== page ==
It's funny how big things can look much closer than they actually are... It took me a little longer to get there than I had anticipated, but it was worth it. There was no one else there, and I admired the view over to Mount Wilson, where I'd been just a week before. I looked out the other way, over to Mount San Jacinto, where I planned to be a week later. I felt so lucky to be there up above the city in that sweet, clear air, and I ran all the way back to Mount Baldy's summit, where Matt had just arrived. I also saw that the backpack girl had made it and was in much better spirits now. Matt pointed out Mount Whitney way out in the distance and spoke of his worry about the climb. But he seemed none the worse for wear, having just arrived on Baldy's peak, and I had the feeling he'll be fine. Jennifer arrived a couple of minutes later, and we sat down for water, snacks, sunscreen, and fresh socks. Jennifer wound her film back so that she could double expose it on our way down.

Matt was heading back the way we'd come, so we said our goodbyes and parted ways. As soon as Jennifer and I lit out down the Mount Baldy Trail, a walker coming the opposite direction stopped and said, "Wow! Nice camera!" Such was the case all the way down. Some people were so hot and tired and focused on getting to the summit that they barely noticed us passing. But there were so many people remarking on Jennifer's camera that it became almost absurd: one person even asked to take a picture of it!

Going up to the summit, I was so pleased with my footwear choice, but walking down the Mount Baldy Trail, I started to regret it. My runners weren't doing very well on the steep grade that's composed almost entirely of scree. I fell a couple of times and realized I need to find some more technique for walking on that kind of terrain. I'd been practicing sliding on Mount Wilson the weekend before, but the ground cover was different, and I was wearing my hikers. These things make a big difference... But once we got into the woods, we were out of the woods: as the tree cover increases, the grade of the path decreases, and the footing is much easier. We rounded out a few nice, shady switchbacks then hopped over the long stretch of boulders leading to the Sierra Club ski hut. At the stream that gurgles past the hut, some teenage girls sunned themselves like lizards on the big rocks and some young men at the side of the trail pretended to be consulting their map about which way to go next. Jennifer stopped to film, and I waved back at her that I'd meet her down at the foot of the trail.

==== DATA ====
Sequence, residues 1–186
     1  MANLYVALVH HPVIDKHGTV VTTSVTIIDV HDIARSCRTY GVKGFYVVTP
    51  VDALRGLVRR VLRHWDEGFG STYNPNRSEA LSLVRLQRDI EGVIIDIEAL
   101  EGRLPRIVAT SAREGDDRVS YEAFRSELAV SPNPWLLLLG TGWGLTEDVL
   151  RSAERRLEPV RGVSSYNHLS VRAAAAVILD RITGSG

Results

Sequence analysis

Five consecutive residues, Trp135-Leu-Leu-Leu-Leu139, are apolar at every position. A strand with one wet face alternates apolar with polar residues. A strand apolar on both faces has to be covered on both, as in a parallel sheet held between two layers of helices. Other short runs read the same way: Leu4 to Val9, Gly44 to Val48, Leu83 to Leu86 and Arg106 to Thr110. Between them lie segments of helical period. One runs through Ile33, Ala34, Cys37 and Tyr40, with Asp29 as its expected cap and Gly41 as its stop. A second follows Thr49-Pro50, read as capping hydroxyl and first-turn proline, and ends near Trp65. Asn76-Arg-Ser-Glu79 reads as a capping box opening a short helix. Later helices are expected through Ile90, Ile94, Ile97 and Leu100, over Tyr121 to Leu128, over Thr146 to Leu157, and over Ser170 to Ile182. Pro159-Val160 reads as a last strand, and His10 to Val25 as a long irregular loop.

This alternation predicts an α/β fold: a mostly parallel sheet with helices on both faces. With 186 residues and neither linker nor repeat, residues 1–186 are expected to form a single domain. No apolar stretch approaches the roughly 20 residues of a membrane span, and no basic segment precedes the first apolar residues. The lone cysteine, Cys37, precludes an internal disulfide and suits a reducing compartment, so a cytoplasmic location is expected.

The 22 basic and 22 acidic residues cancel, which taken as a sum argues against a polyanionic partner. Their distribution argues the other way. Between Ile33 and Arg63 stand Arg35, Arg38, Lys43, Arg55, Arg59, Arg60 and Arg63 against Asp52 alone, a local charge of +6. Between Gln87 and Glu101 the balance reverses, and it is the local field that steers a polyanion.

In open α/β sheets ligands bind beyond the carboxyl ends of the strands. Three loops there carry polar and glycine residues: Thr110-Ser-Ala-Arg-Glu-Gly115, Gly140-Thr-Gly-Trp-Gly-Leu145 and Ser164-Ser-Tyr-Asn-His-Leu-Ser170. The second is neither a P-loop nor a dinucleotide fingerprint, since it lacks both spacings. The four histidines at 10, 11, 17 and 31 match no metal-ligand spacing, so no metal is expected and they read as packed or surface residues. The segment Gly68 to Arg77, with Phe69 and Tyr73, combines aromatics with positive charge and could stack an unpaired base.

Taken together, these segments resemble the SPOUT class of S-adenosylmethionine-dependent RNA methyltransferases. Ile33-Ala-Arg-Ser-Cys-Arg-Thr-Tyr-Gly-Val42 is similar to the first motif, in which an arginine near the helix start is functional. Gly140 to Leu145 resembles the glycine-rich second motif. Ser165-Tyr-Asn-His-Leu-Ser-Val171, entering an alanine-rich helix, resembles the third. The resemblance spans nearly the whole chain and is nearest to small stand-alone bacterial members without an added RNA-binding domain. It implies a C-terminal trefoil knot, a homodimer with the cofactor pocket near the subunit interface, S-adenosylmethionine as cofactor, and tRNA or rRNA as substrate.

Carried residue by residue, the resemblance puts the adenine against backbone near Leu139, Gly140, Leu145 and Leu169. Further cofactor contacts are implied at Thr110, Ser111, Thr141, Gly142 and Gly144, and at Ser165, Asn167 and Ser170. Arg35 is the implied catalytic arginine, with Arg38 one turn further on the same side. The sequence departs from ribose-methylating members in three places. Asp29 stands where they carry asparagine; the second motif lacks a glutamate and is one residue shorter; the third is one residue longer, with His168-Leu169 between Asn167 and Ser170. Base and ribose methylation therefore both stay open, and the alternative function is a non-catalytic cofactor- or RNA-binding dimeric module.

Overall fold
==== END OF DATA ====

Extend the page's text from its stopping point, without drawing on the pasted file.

I bounded on but stopped running when I turned my ankle just a little bit the wrong way. I passed through a thoroughly unwelcome cloud of aerosol sunscreen deployed by a hiker stopped in the middle of the trail and pressed ahead, hoping to get far enough past him and his girlfriend that I wouldn't have to listen to their conversation the rest of the way down. Unfortunately, he decided that he wanted to keep up with me... So, I gave in to the situation and eventually lost them. I passed two teenage girls, and one said to the other that she thought my "ankle things" were super cool. Yes!

I was buoyed by the teenage endorsement of my gear, but the fact was, my knees were killing me. I was already set to walk on Baldy again, but I vowed to never take the same route. The Mount Baldy Trail is meant to be walked up; walking down it is totally brutal. Next time, I will take the loop in the opposite direction or take one of two other routes that I'd like to try: the trailhead leading from the Baldy Village Ranger Station to the summit (out and back) or from Icehouse Canyon, across the three Ts (Timber Mountain, Telegraph Peak, and Thunder Mountain, into Baldy Bowl, and down via the Baldy Village Ranger Station Trail. These are much longer walks. Especially the latter. But the scenery is excellent, as is the condition of the trails. It's likely that these routes are less traveled, too. As much as I enjoy the sense of communion and camaraderie I feel with my fellow walkers, part of what I am looking for out on the trails is a little solitude, and the route I've taken twice now is simply lousy with people.

Back out at Manker Flat, our cars baked in the late afternoon sun. Jennifer and I said farewell, and I rolled down the mountain and back into the humming city evening. Can't wait to see Jennifer's film.

(For a few more pictures from our May 27 Baldy summit, click here.)